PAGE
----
How to Improve FM Antenna Reception?

Although drive-in church services are growing in popularity, FM radio is still with us and available even if your internet connection is down. While streaming needs a strong internet connection, FM needs a strong signal. If you are not strong, this is what you can do to improve it.

Causes of Poor FM Radio Reception

To understand how to improve FM radio reception, let’s try to work out first what affects the reception quality.

Distance

It may be too far from one or more station transmitters to receive a good signal, but it may also be too close. If you are too close to a transmitter, the signal can overpower your radio and, in some cases even damage it.

For the radio that is used at home, the walls and anything made of concrete is a great obstacle for radio waves. As a result, your favorite radio with good reception for indoors may still need some extra hand which you could do by placing it closer to the window.

Stationary Obstacles

Radio signals can be affected by physical obstacles such as hills, buildings, and trees. There are household building materials, such as plaster, concrete, aluminum cladding, metal roofs, aluminum-coated ducts, and ducts, and solar panels limit the efficiency of antennas placed indoors or in the attic. Moreover, because FM radio transmissions require the reception of a line of sight, over very long distances, the curvature of the earth can also block the reception.

Moving or Intermittent Obstacles

Weather (wind, rain), interference from certain types of electrical equipment, cell towers, and airplanes can also affect FM radio reception.

Station Frequencies Too Close Together

A near and distant station may be acceptable, but their frequencies may be close together. This can cause interference where each station is listening at the same time but is distorted.

The ability of a radio tuner to distinguish between two stations transmitting on nearby frequencies is called selectivity.

Multipath Interference

If you live in a valley or urban area with tall buildings, you may experience multipath interference. The same signal may be coming directly from a station transmitter, as well as bouncing off a hill or building. Since the signals are not reaching the antenna at the same time, you will experience strong noise distortion. If you receive a stereo broadcast, the stereo indicator will blink repeatedly as your radio cannot lock into a stable signal.

Type of Antenna

You may have multiple station transmitters in your local area, but they may not be in the same location. On the other hand, if you have a multi-directional or omnidirectional antenna, interference is more likely.

Number of Radios Using the Same Antenna

If you have more than one radio connected to the same antenna using a splitter, the signal will lose strength.

FM Tuner Sensitivity

Another factor that affects the reception of the FM signal is sensitivity. Sensitivity is how tuned a radio can receive radio signals of varying intensity.

How to Fix Poor FM Radio Reception

Now that you know what causes poor FM radio reception, you can use one or more of the following options to amplify or clear your signal.

Remove Obstacles You Have Control Over – Make sure your antenna has a “view” as close to the line of sight of the radio station’s transmitter as possible.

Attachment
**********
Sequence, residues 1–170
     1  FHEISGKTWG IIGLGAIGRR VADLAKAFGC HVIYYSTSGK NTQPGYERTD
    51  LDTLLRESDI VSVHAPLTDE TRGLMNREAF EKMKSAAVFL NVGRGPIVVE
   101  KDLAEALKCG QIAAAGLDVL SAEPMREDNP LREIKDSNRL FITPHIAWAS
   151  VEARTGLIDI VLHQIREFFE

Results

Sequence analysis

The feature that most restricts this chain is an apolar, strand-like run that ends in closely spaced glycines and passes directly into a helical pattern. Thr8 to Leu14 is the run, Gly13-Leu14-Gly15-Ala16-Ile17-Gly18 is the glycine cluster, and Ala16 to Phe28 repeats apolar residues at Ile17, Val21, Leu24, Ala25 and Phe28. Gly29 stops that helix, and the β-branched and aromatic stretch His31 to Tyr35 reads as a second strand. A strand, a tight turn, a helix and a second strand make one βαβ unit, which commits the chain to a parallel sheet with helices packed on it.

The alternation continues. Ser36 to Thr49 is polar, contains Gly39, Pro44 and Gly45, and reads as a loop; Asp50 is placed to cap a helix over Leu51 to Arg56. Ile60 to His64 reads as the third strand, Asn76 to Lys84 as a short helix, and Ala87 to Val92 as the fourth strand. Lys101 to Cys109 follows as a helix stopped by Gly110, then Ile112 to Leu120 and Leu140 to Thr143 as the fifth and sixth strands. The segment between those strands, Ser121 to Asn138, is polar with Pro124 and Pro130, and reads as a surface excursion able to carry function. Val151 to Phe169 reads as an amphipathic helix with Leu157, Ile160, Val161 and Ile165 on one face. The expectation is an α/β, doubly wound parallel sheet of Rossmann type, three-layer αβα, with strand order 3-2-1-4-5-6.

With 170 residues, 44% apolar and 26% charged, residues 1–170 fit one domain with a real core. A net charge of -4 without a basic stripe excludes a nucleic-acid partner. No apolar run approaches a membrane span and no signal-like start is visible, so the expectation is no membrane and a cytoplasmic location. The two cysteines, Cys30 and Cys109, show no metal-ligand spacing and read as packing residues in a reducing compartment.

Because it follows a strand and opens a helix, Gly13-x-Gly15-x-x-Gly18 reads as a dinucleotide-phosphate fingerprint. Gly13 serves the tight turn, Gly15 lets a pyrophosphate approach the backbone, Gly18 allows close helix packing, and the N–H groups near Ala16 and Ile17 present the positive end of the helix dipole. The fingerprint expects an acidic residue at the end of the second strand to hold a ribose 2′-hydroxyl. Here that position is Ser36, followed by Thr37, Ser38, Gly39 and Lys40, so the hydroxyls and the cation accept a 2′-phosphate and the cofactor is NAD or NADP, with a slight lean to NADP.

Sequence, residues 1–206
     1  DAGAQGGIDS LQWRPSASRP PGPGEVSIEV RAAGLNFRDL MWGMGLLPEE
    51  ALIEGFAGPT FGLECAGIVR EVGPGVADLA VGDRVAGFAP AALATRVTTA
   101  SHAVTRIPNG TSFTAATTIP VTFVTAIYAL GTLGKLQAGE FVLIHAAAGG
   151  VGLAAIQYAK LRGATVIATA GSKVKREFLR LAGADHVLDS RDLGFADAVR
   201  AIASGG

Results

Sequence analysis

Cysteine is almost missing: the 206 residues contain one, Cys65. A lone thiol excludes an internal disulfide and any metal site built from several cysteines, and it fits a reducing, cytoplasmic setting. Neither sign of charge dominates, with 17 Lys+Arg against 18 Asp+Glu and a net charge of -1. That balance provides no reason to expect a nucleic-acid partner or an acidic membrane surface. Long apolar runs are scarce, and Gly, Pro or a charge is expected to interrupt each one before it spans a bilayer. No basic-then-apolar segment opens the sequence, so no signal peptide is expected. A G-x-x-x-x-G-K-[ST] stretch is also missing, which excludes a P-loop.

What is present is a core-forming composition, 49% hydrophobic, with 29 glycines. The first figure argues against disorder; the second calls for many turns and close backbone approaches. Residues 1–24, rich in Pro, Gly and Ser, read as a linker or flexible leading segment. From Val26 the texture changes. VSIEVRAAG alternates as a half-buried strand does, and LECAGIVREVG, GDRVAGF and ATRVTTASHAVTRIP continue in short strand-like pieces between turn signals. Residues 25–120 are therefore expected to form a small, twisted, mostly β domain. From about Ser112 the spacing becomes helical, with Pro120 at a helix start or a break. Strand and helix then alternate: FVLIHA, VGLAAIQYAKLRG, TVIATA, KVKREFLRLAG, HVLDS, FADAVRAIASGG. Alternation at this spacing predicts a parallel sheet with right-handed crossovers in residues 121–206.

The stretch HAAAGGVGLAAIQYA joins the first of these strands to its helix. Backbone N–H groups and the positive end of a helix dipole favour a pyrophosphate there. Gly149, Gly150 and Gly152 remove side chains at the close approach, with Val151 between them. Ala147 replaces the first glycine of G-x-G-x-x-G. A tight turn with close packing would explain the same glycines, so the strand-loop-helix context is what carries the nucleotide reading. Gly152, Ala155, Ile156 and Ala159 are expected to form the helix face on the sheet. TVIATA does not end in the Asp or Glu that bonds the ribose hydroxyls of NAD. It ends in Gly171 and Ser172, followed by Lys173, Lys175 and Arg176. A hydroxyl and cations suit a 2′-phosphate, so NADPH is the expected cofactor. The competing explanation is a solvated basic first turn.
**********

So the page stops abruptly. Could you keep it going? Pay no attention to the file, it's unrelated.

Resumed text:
Check and replace antenna connections: Make sure the antenna and radio connections are secure. Check for brittleness and fraying. If you have an outdoor antenna, the cables can wear out when exposed to the elements or chewed on by pets or wild animals.

Make sure the antenna connection terminals are not rusty. If possible, check for cables or cuts along the entire length of the cable. If it is worn, replace it with new cables, preferably 18AWG RG6 cables because they are durable and you will not have a bandwidth problem.

FM Antenna Connection with RF Coaxial Cable

Onkyo and RCA

Run a frequency scan- If you have a stereo or home theater receiver, after verifying the location and antenna connections, run a new frequency or tuning scan (if this feature is provided). As the scan progresses, it will stop at every station it receives, just press scan or tune to continue scanning. This process also allows you to add bookmarks to your favorite stations using predefined settings so you can access them directly instead of manually tuning each time.

Switch from stereo to mono- FM radio stations often broadcast both mono and stereo signals. Although listening to music in stereo is desirable, FM stereo signals are much weaker than mono signals. Depending on the transmitting power and distance from the station, you may be able to receive a stable mono signal, but the stereo signal may be weak or have none.

Use a rotor – If you have an outdoor antenna and receive radio signals from various directions, adding a rotor to relocate your antenna when necessary could help. However, this solution is expensive with prices for a complete kit ranging from $ 100 to $ 200 or more.

Move your antenna –If you have an internal antenna, placing it near or on a window will prevent interference from materials used to build walls. Also, place the antenna as high as possible. However, if the cable length from the antenna to the radio receiver is too long, the signal may be weakened.Use a signal booster – If you have trouble receiving FM radio signals and have only one “radio,” you can place a signal booster (also known as a signal booster) between the antenna and your receiver or radio to boost the signal. Simply connect the cable coming from the antenna to the input of the amplifier and the output to the antenna input of your radio or receiver. You need to plug the amplifier into power for it to work.

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